About a month ago, I made a trial account and created a baby Troll. I wasn't interested in exploring the limitations of a trial account, or testing out how trial accounts fare in PVP, or any of the fun things Cynwise has already talked about. (Seriously, if you want fascinating insight into the world of trial accounts, go read his posts.)
No, I made a trial account for a different, very simple reason.
I've been doing a lot of old raids lately for transmogrification purposes, and it's always such a bother wrangling up a guildie and getting them to switch to an alt so you can make a raid and go do Ahn'Qiraj or Tempest Keep or whatever. It's annoying and I dislike bothering them constantly for the assistance.
So instead, I simply leveled my trial Troll up to level 10 (the minimum level to join a raid group), and now whenever I want to go old-raid-diving, I simply open up a second WoW client, log in on my trial account, make a raid group and off I go! (You can be logged in on both your real account and your trial account at the same time.) Once the raid group has been created, I can safely close the trial client - as long as I don't drop group, it remains a raid group, even if the trial character has gone offline.
It's very easy to make a trial account - you just log into your normal WoW account on battle.net, and then you can add a new "starter" WoW account. It's tied to your normal email address and login information.
Then when you want to log into your trial account, you simply select the name of your trial account on the WoW login screen (from a dropdown menu) and that's it!
This is pretty handy for transmog fanatics such as myself. But why stop there? You can do so much more with your little trial characters!
Namely? As SPIES.
Story time: in my old MMO, Ragnarok Online, endgame was entirely PVP-based. It focused on guild vs guild PVP to control castles, which rewarded the controlling guild with special items and perks. There were only so many castles, which meant that competition was high, since the items were quite valuable, and in some cases, could only be obtained by owning territory.
Despite not having NEARLY enough players to properly take on other guilds, my guild took part in these battles through strategy and surveillance. Most guilds would sit and defend the castles they controlled, and maybe send out some attackers to assault others. It's very similar to Arathi Basin, really.
A conventional Ragnarok Online castle defense.
However, what we did was "defend" castles with only one or two people, whose only objectives were to harry and delay attackers long enough for the rest of our team to drop whatever they were doing and rush to their aid.
Something that helped us in this regard were dummy accounts with level 1 "spies." See, the castles were instanced, so anyone inside defending the castle's core couldn't tell when enemies entered, or if they were gathering outside, etc. But we just parked our little level 1 characters outside the entrance, unflagged, and kept those second clients open on another monitor or in the background. That way, we could see whenever an enemy team was entering the castle, how many they numbered, etc, and send an appropriate response force.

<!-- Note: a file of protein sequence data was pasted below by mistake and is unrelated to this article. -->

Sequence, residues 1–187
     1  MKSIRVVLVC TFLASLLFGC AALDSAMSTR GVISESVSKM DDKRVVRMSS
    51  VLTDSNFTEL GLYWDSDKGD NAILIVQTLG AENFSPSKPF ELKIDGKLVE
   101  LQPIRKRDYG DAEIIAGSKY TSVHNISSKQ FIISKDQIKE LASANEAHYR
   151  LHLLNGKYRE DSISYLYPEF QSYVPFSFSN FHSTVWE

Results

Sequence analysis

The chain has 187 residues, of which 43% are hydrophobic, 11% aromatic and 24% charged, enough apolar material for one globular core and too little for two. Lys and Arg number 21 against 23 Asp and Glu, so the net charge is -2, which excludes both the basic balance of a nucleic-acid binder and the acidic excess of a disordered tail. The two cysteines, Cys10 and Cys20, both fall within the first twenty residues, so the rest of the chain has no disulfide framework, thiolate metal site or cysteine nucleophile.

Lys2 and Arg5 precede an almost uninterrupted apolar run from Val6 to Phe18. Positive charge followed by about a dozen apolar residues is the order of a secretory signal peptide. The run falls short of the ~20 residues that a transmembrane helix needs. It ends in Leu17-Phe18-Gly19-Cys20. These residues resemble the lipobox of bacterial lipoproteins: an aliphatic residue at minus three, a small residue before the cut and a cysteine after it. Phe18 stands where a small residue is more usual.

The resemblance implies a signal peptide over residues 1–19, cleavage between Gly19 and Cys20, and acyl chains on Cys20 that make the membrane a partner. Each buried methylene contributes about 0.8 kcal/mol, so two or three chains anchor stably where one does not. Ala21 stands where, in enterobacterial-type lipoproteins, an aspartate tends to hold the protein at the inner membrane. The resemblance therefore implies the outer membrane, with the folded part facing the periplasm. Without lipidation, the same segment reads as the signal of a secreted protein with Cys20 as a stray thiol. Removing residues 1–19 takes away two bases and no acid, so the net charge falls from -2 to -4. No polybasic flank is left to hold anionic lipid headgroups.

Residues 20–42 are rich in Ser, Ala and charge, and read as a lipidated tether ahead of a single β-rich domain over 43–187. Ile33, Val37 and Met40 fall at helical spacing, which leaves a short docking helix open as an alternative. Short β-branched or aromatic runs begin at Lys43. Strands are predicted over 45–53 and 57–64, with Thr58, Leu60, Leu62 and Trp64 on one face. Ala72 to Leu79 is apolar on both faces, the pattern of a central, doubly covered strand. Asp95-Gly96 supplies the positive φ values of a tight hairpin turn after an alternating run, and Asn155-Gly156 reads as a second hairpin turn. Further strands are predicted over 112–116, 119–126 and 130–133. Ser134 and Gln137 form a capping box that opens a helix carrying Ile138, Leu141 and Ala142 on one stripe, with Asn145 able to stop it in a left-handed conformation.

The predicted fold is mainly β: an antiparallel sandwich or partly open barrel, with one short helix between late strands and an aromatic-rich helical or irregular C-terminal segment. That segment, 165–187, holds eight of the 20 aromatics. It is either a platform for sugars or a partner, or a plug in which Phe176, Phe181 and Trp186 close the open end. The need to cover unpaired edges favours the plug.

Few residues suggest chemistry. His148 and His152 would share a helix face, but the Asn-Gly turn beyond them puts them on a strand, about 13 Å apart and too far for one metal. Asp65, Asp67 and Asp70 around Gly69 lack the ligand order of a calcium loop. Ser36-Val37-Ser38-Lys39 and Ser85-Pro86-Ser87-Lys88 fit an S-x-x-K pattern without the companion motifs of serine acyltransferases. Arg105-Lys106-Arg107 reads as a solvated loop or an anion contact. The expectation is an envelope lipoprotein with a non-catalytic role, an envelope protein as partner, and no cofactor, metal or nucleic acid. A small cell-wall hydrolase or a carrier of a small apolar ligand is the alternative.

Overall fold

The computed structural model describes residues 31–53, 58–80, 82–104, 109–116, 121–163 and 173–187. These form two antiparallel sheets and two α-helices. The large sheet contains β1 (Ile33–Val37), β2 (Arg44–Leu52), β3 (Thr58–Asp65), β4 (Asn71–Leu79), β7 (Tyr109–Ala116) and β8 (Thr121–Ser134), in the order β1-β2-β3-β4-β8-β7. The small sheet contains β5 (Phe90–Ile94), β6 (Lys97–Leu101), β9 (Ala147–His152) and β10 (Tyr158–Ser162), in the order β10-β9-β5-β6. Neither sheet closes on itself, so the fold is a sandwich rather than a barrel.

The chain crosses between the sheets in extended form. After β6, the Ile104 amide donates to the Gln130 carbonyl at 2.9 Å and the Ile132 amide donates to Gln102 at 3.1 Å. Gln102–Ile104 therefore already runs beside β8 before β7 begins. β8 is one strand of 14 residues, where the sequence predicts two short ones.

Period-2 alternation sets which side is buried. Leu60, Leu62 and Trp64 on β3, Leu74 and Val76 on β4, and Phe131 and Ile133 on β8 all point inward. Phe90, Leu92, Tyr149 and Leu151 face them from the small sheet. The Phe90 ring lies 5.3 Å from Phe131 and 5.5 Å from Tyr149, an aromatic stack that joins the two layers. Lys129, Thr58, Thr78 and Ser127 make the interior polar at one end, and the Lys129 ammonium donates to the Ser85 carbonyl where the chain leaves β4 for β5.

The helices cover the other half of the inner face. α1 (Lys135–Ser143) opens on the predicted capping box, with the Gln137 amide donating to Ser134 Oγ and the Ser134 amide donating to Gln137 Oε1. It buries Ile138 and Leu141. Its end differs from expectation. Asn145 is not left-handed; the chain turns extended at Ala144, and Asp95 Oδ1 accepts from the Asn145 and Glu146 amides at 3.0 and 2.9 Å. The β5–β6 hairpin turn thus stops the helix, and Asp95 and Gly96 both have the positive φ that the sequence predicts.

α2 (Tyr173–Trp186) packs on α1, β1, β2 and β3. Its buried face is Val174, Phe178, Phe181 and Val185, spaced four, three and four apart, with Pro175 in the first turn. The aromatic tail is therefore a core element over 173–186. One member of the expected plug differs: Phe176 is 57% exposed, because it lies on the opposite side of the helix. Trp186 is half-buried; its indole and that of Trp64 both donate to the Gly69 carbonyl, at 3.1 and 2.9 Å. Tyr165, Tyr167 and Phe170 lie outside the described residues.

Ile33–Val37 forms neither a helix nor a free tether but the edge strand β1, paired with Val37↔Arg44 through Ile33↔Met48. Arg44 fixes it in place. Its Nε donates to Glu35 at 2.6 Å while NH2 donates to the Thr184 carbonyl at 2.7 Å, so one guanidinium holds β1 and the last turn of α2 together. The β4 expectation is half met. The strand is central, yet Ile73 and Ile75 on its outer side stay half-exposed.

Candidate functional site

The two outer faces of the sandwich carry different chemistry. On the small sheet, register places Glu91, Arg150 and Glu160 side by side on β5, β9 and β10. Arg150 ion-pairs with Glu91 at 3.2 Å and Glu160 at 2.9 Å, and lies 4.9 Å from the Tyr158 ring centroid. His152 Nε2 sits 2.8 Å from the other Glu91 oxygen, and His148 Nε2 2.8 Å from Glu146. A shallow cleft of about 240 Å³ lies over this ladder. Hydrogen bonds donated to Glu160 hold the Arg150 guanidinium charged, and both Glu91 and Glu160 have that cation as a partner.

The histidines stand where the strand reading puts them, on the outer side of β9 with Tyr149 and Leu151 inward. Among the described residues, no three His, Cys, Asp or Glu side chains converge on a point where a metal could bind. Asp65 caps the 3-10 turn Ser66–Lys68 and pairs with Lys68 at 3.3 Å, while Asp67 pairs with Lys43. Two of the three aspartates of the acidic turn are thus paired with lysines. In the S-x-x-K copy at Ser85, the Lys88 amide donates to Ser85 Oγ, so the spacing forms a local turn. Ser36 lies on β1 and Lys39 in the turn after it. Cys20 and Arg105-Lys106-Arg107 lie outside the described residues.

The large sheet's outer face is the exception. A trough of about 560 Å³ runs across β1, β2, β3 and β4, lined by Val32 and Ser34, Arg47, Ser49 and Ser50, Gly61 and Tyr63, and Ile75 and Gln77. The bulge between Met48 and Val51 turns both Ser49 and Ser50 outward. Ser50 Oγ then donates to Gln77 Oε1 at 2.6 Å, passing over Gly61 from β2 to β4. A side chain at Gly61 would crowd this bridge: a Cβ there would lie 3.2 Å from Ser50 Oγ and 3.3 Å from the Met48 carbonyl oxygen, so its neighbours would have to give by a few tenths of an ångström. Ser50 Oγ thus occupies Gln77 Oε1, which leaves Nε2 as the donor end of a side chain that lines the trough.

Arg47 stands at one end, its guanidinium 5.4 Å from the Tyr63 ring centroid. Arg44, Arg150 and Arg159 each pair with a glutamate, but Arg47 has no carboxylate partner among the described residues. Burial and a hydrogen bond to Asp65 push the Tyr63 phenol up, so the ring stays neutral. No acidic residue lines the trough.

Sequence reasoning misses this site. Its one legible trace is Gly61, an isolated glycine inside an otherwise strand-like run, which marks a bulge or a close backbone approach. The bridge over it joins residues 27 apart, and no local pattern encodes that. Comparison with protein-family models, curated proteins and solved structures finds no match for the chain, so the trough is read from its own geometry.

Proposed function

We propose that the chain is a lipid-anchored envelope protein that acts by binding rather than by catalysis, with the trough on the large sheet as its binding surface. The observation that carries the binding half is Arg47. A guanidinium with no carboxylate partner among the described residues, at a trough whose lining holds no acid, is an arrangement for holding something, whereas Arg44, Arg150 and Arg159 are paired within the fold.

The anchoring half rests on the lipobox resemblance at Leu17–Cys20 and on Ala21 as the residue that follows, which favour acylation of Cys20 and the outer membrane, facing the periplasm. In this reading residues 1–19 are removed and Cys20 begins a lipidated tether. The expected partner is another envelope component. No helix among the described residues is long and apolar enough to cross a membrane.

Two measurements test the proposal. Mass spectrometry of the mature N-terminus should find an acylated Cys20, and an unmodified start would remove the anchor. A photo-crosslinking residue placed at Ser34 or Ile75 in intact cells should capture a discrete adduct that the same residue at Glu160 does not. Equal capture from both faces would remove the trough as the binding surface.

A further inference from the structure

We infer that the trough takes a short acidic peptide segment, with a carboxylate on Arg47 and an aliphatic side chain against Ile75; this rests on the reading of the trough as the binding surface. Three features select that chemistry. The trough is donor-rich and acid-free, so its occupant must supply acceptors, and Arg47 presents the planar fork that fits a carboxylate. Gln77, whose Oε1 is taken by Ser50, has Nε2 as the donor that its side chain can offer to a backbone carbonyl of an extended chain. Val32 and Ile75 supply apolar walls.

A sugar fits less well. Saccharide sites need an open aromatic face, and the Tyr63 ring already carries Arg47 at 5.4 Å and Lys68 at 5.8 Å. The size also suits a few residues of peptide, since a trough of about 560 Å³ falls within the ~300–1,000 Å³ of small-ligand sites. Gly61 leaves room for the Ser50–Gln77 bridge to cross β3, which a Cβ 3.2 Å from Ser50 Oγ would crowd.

They also had an unanticipated bonus - intimidation! Quite often, a handful of attackers would run up, see the bizarre and mysterious level 1 toon parked outside, and stop, confused. They'd talk to them, ask them questions, emote at them, all sorts of things. At worst, they wasted valuable time trying to figure out what he was there for. At best, they got nervous and left without even entering!
So how can you spy in WoW? Well, quite easily. Trial characters won't help you in PVP, but they can provide you valuable intel on remote locations and on rival faction players.
I recently traded Keredria something like 7-8 Festival Lanterns for the Alliance equivalents (Lunar Lanterns) for the pet collectors in both our guilds. I was TERRIFIED of botching the neutral AH transfer, and of someone swooping in and nabbing them on the cheap. This was a lot of financial value we were flipping!
So to alleviate my fears, I grouped up with my trial character and summoned her to Gadgetzan. That way, I could watch Gadgetzan on her, Everlook on my actual character, and Keredria could watch Booty Bay to make sure there was nobody else at the Auctioneers when we swapped the lanterns.
My Troll is actually still there in Gadgetzan, so I can hop over and check the neutral AH whenever I want. She can't buy anything (no money, and I don't think they can actually buy stuff anyway), but she can view the items. If she spots something nice, I'll pop over on my actual account and buy it.
Speaking of spying, I also have a Human trial character, who I used during Love is in the Air to hang out in Stormwind and try to find players Fabulor needed for Fistful of Love. In addition to actually looking for them manually, I could /who Stormwind, Dalaran, Darkmoon Island, etc, and try to track down the specific race/class combinations I still needed. I actually completed the achievement by /who-ing Stormwind to learn the names of any Paladins in the city, individual /whos to find a Draenei one, walking around /targeting him to find out where he was, and then switching back to Fabulor to swoop down and rose petal him.
I've also created a few throwaway trial characters to pose for blog screenshots, when I wanted to capture a conversation. This way, I could take my time and take all the screenshots I wanted, repeating the conversation, without forcing some poor friend or guildie to sit there and endure my fussiness.
It can be quite convenient, having separate "cameras" available to take screenshots of your characters from different angles or positions!
In conclusion: raid slaves, cross-faction spies, and actors for screenshots. So handy - I love my trial account! And I bet there's more uses for them that I haven't even thought of yet. :D